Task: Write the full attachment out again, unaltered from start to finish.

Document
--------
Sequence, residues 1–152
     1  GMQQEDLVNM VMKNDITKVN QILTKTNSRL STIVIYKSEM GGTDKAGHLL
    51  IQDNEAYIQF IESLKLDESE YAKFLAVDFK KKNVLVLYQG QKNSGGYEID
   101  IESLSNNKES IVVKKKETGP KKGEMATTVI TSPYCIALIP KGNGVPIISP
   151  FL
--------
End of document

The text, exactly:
Sequence, residues 1–152
     1  GMQQEDLVNM VMKNDITKVN QILTKTNSRL STIVIYKSEM GGTDKAGHLL
    51  IQDNEAYIQF IESLKLDESE YAKFLAVDFK KKNVLVLYQG QKNSGGYEID
   101  IESLSNNKES IVVKKKETGP KKGEMATTVI TSPYCIALIP KGNGVPIISP
   151  FL